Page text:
Radio Evangelist

Thoughts of a Evangelist for Radio in all its forms

More on sales commissions…

Posted by Steve on July 14, 2008

Tom Tom Taylor has some great stuff in his newsletter at today from Steve Marx. Here’s the deal:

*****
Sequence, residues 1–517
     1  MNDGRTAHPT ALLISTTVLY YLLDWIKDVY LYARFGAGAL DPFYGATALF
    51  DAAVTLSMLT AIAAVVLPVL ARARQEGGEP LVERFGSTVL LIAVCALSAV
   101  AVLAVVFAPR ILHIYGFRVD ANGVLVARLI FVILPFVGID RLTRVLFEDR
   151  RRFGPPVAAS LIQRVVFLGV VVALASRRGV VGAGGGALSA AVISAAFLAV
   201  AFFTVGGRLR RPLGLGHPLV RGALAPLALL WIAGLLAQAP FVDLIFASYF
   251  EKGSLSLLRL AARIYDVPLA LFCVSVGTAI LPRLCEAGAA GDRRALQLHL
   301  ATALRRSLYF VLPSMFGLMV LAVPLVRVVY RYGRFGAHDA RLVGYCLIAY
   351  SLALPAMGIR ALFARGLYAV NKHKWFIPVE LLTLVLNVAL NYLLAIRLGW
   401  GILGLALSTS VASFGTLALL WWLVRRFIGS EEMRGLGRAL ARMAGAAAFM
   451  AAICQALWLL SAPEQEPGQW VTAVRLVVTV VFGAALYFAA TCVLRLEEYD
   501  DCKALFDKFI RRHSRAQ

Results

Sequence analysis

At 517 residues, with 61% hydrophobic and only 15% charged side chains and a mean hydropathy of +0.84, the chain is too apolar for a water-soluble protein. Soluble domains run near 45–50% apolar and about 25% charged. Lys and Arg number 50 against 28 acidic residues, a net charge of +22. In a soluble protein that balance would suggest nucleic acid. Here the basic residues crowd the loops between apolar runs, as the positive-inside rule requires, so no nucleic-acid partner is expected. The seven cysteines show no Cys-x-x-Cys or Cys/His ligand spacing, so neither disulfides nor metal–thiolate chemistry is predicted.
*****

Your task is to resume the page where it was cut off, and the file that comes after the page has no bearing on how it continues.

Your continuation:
Cannibals loose in radio’s sales bullpen? In the debate over online sales that was raised by Radio One CEO Alfred Liggins, sales consultant Steve Marx emails T-R-I to say that both sides are right – “at least somewhat.” He says “there are so many cross-currents in today’s choppy media marketplace that any simple explanation is likely to be partially right, and largely wrong.” He says “I’ve been involved in radio sales for 43 years, and I’ve seen it all. Here are some truths you can take to the bank: Jacking up sales commission rates [as some operators are doing for new media sales] sometimes works. What’s remarkable is how often it doesn’t work. One reason is that human beings don’t respond to cash incentives like Pavlov’s dogs to a clanging bell.” Steve’s prescription? “Neither salespeople nor clients should be choosing whether to use a radio schedule or a program on the station’s website. Neither by itself can work even a tenth as well as when you put them together.” He says his CSS (Center for Sales Strategy) works on integrated marketing solutions that “begin with the reach, attention, and spark of radio, and continue with the information, interactivity and functionality that only the web can provide.” But here’s the payoff – “I’ll tell you the #1 reason why radio revenues are down today.” Steve Marx of CSS finishes up his email to T-R-I with a flourish: The sales slump “has nothing to do with the Internet or sales commissions. No one else is talking about it, but maybe we can change that. There are simply not enough radio ‘feet on the street.’ First it was the creation of 4-6-8 station clusters and the combining of sales departments. Then, it was consolidation of ownership and supposed economies of scale. Now, it’s a weak ad market, and downsizing or ‘right-sizing.’ Every one of those cataclysmic events has resulted in reducing radio’s sales force.” Then Steve lays down a challenge for T-R-I readers: “Count noses. Marketwise, how many people are selling radio today, versus five years ago, 10 years ago, 15 years ago? When fewer people knock on fewer doors and ask fewer people to buy, can the outcome be in doubt?” By the way: the Center for Sales Strategy has just posted a White Paper about online advertising – the five “A words” are aggregation, automation, algorithm, auction and accountability. “The end of the old media contract” is a free download here.


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